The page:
Quiz 2 Research Paper
13 March 2014
If I had been a member of the 1898-1899 US Congress I would have supported both our war with Spain and our annexation of its territories.
The Spanish-American War served to end Spain’s colonial power in the western hemisphere. In the time leading up to the war there was three years of turmoil in Cuba, where Cuban revolutionaries were locked in battle with the Spanish in an attempt to gain independence from their mother country (history.state.gov 1). For most of the Cuban revolution the US, particularly due to president McKinley’s distaste for war, had opted to steer clear of involving itself in the conflict (Sparknotes  1). However, with the growing tide of public outcry and the explosion of the USS Maine president McKinley finally buckled and sent his approval for a declaration of war with Spain, which was passed on April 11, 1898 (Sparknotes  1). Had I been a senator in 1898 I would have supported the declaration of war for multiple reasons, including the ones above. I would have also supported our annexation of Puerto Rico, Guam, Cuba and the Philippines In this essay I will explain why. At 9:40 PM on February 15, 1898 the battleship USS Maine was abruptly demolished in an explosion at Havana harbor, killing 260 officers and crewmembers. Although the exact cause of the blast was never actually determined, and recent evidence suggests that there may not have been an attack on the ship at all, at the time the prevailing theory was that the Spanish had placed a mine in the harbor in an attack on the US (Cavendish 1). This idea was perpetuated by the “yellow press”, a sensationalistic style of journalism led by the papers of William Randolph Hearst and Joseph Pulitzer. These news outlets pumped out headlines like “USS MAINE BLOWN UP: MANY YOUNG SAILORS DROWN DUE TO SPANISH TREACHERY” (Glazier 1). This further excited an already blood thirsty public, whom had already been fed headlines decrying the atrocities committed by the Spanish against the population of Cuba (which I will talk about next). Had I been a senator at the time, being thoroughly by all of the sources at my disposal that the Spanish were attacking us I would have fully backed the war on that alone. However there is more.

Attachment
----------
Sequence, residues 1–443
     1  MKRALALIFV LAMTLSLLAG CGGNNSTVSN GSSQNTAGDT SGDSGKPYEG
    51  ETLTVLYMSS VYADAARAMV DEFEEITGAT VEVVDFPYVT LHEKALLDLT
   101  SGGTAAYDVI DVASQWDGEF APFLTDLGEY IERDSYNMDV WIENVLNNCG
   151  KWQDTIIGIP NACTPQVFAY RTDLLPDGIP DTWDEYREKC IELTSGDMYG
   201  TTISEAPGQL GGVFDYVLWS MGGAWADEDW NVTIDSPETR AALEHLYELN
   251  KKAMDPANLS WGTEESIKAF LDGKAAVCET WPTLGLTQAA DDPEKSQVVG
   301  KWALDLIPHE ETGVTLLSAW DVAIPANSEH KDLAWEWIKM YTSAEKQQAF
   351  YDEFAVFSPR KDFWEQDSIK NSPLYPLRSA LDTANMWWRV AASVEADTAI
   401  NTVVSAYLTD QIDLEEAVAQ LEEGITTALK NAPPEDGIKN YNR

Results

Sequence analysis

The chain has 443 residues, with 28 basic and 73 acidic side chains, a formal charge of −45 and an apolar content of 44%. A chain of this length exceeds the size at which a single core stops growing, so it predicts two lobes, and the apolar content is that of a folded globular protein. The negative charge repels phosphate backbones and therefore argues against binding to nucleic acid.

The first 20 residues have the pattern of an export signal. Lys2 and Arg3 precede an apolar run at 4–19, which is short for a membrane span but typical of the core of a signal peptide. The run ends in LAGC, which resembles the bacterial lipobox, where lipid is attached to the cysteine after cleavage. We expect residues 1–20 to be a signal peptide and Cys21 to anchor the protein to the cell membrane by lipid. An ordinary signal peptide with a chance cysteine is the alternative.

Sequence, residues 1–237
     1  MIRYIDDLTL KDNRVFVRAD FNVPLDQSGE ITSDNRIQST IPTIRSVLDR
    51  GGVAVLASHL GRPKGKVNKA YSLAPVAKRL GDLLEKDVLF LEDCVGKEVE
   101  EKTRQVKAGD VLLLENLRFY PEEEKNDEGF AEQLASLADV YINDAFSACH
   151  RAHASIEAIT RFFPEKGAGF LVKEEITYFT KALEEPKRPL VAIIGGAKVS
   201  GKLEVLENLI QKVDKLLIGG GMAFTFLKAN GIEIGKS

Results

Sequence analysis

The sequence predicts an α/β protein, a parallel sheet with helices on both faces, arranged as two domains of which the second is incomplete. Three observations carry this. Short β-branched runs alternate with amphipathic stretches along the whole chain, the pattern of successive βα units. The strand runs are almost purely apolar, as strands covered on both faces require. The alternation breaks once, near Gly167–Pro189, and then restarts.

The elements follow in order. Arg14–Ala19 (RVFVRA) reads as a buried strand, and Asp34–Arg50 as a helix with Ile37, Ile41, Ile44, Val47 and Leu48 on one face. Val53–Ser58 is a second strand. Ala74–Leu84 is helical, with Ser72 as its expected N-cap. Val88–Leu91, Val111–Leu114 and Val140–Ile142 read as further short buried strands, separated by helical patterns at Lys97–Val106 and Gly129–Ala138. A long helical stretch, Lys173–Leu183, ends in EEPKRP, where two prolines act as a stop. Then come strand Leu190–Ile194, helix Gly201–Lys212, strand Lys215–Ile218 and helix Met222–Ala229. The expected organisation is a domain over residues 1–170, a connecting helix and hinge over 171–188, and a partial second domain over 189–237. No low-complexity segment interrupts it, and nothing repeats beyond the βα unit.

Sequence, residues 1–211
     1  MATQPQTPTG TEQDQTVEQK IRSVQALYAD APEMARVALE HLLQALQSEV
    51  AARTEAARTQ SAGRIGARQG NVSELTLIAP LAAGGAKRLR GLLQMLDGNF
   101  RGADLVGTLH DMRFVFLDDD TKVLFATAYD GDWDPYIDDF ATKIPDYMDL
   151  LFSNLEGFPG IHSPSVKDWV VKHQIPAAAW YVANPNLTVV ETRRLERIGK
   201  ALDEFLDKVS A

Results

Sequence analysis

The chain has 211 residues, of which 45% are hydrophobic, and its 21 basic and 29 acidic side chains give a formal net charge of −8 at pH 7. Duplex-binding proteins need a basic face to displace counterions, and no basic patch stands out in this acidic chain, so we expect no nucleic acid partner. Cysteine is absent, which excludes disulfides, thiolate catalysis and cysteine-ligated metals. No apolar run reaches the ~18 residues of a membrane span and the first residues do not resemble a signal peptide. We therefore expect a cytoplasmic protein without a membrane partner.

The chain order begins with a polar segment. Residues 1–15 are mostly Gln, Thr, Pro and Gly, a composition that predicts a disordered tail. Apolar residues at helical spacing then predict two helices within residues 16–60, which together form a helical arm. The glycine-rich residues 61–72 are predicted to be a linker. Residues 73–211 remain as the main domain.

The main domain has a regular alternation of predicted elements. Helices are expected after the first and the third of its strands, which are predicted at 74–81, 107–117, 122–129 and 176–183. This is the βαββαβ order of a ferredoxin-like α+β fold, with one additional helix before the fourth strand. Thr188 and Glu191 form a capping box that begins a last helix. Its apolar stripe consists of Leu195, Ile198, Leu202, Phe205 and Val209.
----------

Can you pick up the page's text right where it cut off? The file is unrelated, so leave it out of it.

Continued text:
In addition to the sinking of the USS Maine, I would have also backed the war on humanitarian grounds. While both the Cubans and the Spanish were guilty of committing unspeakable atrocities during the revolution much of the “yellow press’” coverage had focused on the depraved acts the Spanish had been committing during the Revolution. For example, many papers in the US had reported on the widespread suffering caused when the Spanish had instituted a policy of gathering Cuban civilians and moving them into concentration camps (Foner 705). These camps had deplorable living conditions: Poor sanitation and a lack of food and medicine (NEH 3). Several statesmen including Theodore Roosevelt felt that it was the duty of the US to get involved rather than standby and watch as the Cuban population was decimated (NEH 3). Which is a position that I agree with.
The final reason I would have supported this at the time is that we had important economic and strategic interests in Cuba and in its surrounding sister territories (such as Puerto Rico) (Sparknotes  2). Not only were these territories extremely close to the United States’ boarders but they were (and still are) home to important naval bases. Additionally American businesses had strong financial ties to Puerto Rico, Guam and Cuba, owning: mines; railroads and sugar, coffee and banana plantations in those territories which were under direct threat due to the war (Shmoop 1).
My support for our annexation of the former Spanish territories deals with the fact that these were great strategic military locations that allowed us to build naval power and expand our boarders. I also find my self in support of...
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